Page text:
The rise of ‘quiet promotion’ in media – and what you can do about it
We’ve moved from ‘quiet quitting’ to ‘quiet promoting’. But how can you tell if this has happened to you?
“I got into the media industry for the money”… said no one ever.
It’s a truth universally acknowledged that if you’re looking for a lucrative career, you probably won’t find it in the media. Yes, it’s fast-paced and exciting, you get to share your ideas, write impactful stories, meet remarkable people and even travel the world.
There’s also nothing quite like the rush you feel when you see your very first byline or credit, or when you’re complimented on something you’ve worked hard to create. However, remunerative it is not.
This can mean, as you’re rising the ranks or looking for a promotion, that you might be asked to take on a little (or lot) more than what it says on your job description. Your manager or editor may suggest you should be more of a “team player” or accept more responsibilities because it’s “a great opportunity for growth”.
But, before you know it, you’re doing considerably more work than your colleagues and you’re on the same salary. Congratulations (not really) — you’ve been quietly promoted.
Yes, in the grand tradition of “quiet quitting”, “quiet thriving” and even “quiet firing”, we now have “quiet promoting”: the not-so-new phenomenon where employees are given escalating amounts of work without receiving a pay increase, or even a title change.
How can you tell if you’ve been quietly promoted?
1. You’ve been asked by a manager to take on work that is clearly above your position.
2. You have more work than your colleagues who have the same title as you.
3. You’ve had to absorb work that was done by a co-worker who left and wasn’t replaced, and had a position above you.
If any of this sounds familiar, there are some things you can (that is, should) do to ensure you don’t feel manipulated or taken advantage of.
It’s time to speak up and advocate for yourself. But, before you barge into your manager’s office demanding a pay rise, do your homework. Gather any documentation you can to show your increased performance and responsibilities, and any positive feedback you’ve received while doing so––think of it as preparing for a performance review. Leave your emotions at the door and deal with facts only.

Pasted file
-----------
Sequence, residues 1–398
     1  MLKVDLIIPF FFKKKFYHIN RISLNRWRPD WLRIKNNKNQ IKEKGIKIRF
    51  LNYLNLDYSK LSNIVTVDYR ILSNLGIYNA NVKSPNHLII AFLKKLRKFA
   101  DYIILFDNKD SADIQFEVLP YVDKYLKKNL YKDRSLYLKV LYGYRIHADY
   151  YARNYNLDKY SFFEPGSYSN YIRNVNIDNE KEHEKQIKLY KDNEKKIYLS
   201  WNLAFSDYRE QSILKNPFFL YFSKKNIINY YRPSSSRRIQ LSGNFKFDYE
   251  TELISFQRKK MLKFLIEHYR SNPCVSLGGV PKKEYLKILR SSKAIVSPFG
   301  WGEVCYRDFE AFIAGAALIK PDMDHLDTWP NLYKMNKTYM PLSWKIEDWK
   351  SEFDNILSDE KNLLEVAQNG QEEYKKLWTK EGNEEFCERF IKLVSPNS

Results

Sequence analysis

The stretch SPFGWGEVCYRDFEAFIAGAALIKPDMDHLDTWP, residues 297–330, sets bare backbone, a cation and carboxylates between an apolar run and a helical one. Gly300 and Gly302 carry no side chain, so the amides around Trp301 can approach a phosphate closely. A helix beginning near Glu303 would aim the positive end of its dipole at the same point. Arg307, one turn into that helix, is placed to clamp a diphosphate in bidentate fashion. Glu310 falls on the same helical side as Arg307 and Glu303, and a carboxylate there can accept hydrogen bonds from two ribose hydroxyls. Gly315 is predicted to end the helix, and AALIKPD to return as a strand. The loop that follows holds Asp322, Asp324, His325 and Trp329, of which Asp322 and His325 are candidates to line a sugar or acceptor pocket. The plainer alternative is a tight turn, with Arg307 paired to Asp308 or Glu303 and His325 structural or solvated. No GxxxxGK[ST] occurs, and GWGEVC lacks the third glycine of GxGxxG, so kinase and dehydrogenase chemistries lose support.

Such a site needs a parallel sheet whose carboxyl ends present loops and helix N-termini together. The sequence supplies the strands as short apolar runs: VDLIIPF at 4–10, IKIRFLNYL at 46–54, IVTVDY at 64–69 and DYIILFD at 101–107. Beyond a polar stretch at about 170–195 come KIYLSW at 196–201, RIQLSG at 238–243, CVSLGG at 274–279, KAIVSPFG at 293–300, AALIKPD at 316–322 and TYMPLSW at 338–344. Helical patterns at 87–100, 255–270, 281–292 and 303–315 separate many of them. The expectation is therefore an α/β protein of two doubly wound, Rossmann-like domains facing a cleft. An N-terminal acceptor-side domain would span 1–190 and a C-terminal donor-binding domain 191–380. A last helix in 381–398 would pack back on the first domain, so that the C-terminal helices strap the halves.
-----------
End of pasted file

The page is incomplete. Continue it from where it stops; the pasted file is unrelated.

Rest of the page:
You might get pushback initially, but that doesn’t mean you can’t give it another go at a later stage. If your company doesn’t have the financial means to provide additional compensation, there are other options.
Ask for more flexibility in when or where you work, an extra week’s holiday, or other benefits so that it doesn’t need to come down to only financial compensation.
However, if, at the end of the day/month/year, you’ve asked for more compensation or a new title for your extra work and have been told no repeatedly, it may be time to take your experience elsewhere. You deserve to be compensated fairly for your work, so don’t settle for a quiet promotion without proper recognition.
Here are three great open roles in media — find your dream job right now.
Creative strategy director, Bauer Media Group, London
In the role of creative strategy director at Bauer Media, you will work at a senior level alongside the other creative strategy directors, the creative strategy manager and creative strategy executive, the radio content directors, radio and publishing specialists, publishing editorial teams, the planning team and other internal and external stakeholders.
You’ll generate market-beating responses in line with clients’ needs, working from brief to pitch and ensuring the smooth transition into delivery, finding the right audiences, hitting the right tone and working with the content teams to create engaging campaigns that inspire action.
If you have relevant experience as a strategist or in a senior partnerships role, then, you’ll find all the information you need here.
Content editor, Evoke, DMG Media, Dublin
Evoke, part of DMG media, is Ireland’s premier website for all things fashion, beauty, entertainment and lifestyle, and it’s looking for a journalist for the role of content editor.
The right candidate will be responsible for editing content and assigning stories, as well as writing punchy and eye-catching headlines. They will be equally adept at covering witty and serious news stories, as well as showbiz, fashion and lifestyle content.
If you have a minimum of three years’ experience in a newsroom, strong writing, editing, photoshop, word press skills, social media management, and a good understanding of SEO, you can apply for the role here.
Content strategy and operations ecosystem manager, TikTok
TikTok is seeking a content ecosystem manager for its Content Ecosystem team, sitting within the Europe Content Strategy and Operations team.
The goal of the team is to integrate various content-understanding resources, provide solutions based on the team’s business direction and project requirements, build internal content understanding annotation and process, produce analysis reports, and serve internal projects and business development.
If you have a BA/BS degree or equivalent practical experience, and a proven track record of operating independently, demonstrating creativity, strong attention to detail, and managing multiple projects simultaneously, this could be the role for you.